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2 January 2018
Netherlands
Global

LANDac is a partnership between several Dutch organizations and their Southern partners involved in development-related research, policy and practice with respect to land governance. The partners share a concern for the increase in land inequality and land-related conflicts. They are interested in how land governance – rules and practices on access to land – can be used to promote equitable and sustainable development in the Global South. LANDac aims to improve and strengthen the relationship between academic research and policy and practice in the area of international cooperation.

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Governmental institution

The Dutch United Provinces declared their independence from Spain in 1579; during the 17th century, they became a leading seafaring and commercial power, with settlements and colonies around the world. After a 20-year French occupation, a Kingdom of the Netherlands was formed in 1815. In 1830, Belgium seceded and formed a separate kingdom. The Netherlands remained neutral in World War I, but suffered German invasion and occupation in World War II. A modern, industrialized nation, the Netherlands is also a large exporter of agricultural products.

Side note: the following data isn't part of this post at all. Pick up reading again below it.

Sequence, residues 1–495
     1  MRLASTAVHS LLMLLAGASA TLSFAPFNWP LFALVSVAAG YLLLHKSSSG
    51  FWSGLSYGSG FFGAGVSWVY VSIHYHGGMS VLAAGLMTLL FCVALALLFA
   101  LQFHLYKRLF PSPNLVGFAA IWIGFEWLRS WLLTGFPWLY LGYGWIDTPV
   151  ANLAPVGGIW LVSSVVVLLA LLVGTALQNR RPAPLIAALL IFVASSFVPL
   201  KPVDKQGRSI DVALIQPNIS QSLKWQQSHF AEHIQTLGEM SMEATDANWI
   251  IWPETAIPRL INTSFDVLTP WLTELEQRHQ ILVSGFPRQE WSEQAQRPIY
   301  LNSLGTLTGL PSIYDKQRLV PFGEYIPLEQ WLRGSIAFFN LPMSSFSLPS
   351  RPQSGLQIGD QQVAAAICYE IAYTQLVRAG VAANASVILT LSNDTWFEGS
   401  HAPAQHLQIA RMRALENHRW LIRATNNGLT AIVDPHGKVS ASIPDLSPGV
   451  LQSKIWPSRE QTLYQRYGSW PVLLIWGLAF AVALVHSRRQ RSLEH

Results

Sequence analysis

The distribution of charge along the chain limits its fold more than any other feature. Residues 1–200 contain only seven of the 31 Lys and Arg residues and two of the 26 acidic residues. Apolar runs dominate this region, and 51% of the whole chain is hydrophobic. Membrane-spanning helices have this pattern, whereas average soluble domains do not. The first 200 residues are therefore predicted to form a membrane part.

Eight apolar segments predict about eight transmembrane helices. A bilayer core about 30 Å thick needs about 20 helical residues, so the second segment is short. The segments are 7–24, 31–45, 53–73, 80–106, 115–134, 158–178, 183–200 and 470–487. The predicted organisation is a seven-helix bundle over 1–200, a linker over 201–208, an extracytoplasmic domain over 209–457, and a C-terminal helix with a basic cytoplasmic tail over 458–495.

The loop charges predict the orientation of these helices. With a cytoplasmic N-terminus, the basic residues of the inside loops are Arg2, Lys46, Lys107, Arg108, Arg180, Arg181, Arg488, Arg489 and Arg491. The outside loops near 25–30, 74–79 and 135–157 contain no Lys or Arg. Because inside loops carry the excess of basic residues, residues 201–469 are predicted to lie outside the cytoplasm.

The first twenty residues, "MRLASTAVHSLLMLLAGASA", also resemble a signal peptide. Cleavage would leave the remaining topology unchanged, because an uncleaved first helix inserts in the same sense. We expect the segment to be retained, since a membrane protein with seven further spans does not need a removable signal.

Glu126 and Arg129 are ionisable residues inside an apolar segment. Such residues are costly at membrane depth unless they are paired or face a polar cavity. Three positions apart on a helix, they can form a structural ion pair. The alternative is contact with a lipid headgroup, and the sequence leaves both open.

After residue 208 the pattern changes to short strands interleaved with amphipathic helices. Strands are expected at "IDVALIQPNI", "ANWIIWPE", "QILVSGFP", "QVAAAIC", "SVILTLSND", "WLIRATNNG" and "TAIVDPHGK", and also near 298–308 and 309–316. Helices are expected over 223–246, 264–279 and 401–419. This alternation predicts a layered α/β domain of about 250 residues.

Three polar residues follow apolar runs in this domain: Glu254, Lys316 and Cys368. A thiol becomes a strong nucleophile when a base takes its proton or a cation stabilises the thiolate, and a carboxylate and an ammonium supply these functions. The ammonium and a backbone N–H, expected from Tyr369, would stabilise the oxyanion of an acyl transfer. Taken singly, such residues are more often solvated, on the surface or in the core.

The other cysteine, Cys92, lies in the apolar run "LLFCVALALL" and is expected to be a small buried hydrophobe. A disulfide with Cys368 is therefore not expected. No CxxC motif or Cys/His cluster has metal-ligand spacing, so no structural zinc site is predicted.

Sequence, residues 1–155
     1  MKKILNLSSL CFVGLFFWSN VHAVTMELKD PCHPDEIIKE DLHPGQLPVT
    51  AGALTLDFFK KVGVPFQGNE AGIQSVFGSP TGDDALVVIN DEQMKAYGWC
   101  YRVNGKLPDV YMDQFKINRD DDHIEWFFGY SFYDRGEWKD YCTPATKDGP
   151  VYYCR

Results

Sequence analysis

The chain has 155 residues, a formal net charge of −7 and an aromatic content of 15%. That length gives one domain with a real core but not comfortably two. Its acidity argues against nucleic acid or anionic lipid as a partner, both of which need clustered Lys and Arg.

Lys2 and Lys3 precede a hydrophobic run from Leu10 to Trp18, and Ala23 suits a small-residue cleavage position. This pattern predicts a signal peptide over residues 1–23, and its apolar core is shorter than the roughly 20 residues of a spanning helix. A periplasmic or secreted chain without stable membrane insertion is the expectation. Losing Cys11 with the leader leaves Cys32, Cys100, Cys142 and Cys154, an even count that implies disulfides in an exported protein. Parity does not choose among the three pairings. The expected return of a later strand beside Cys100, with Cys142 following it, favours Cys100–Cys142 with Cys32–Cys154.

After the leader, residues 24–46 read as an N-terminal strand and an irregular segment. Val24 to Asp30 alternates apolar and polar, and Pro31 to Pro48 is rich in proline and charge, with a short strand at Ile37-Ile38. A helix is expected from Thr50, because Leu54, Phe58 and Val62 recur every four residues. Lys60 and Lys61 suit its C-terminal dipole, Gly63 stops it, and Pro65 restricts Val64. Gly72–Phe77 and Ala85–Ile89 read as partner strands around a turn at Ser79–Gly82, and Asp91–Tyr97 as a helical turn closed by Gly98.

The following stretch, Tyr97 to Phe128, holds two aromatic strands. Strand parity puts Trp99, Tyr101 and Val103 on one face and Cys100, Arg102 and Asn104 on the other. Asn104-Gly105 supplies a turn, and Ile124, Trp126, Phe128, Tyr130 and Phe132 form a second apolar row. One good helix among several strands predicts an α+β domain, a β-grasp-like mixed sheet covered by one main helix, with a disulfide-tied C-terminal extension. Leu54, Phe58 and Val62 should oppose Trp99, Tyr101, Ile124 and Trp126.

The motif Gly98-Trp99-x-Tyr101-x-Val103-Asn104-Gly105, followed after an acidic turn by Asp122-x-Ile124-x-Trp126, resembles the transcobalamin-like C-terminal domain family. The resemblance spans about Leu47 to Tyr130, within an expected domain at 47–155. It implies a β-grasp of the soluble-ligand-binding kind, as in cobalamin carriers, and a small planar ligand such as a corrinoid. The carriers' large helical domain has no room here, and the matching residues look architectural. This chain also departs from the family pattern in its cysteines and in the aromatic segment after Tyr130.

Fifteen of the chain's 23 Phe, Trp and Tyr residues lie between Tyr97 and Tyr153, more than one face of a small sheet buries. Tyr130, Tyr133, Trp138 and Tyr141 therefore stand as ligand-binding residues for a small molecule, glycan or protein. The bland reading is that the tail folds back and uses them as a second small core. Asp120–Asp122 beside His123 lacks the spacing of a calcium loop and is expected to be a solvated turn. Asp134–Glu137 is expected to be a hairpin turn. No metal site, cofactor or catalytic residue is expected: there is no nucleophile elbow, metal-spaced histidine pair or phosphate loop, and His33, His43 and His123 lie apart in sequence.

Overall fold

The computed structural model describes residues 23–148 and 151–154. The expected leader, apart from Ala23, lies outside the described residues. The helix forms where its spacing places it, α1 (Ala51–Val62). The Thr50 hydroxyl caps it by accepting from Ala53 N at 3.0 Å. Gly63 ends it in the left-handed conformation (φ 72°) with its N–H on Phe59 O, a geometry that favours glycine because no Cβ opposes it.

Governmental institution

The Netherlands’ Cadastre, Land Registry and Mapping Agency – in short Kadaster – collects and registers administrative and spatial data on property and the rights involved. This also goes for ships, aircraft and telecom networks. Doing so, Kadaster protects legal certainty. We are also responsible for national mapping and maintenance of the national reference coordinate system. Furthermore, we are an advisory body for land-use issues and national spatial data infrastructures.

Network
University or Research Institution

LANDac, the Netherlands Academie on Land Governance for Equitable and Sustainable Development, is a partnership between Dutch organizations working on land governance. The partners are the International Development Studies (IDS) group at Utrecht University (leading partner), African Studies Centre, Agriterra, the Sociology of Development and Change (SDC) group at Wageningen University, the Land Portal Foundation, HIVOS, the Royal Tropical Institute (KIT), the Netherlands Ministry of Foreign Affairs, and Enclude Solutions.

University or Research Institution

The University of Groningen has a rich academic tradition dating back to 1614. From this tradition arose the first female student and the first female lecturer in the Netherlands, the first Dutch astronaut and the first president of the European Central Bank. Geographically, the University is rooted in the Northern part of the Netherlands, a region very close to its heart.

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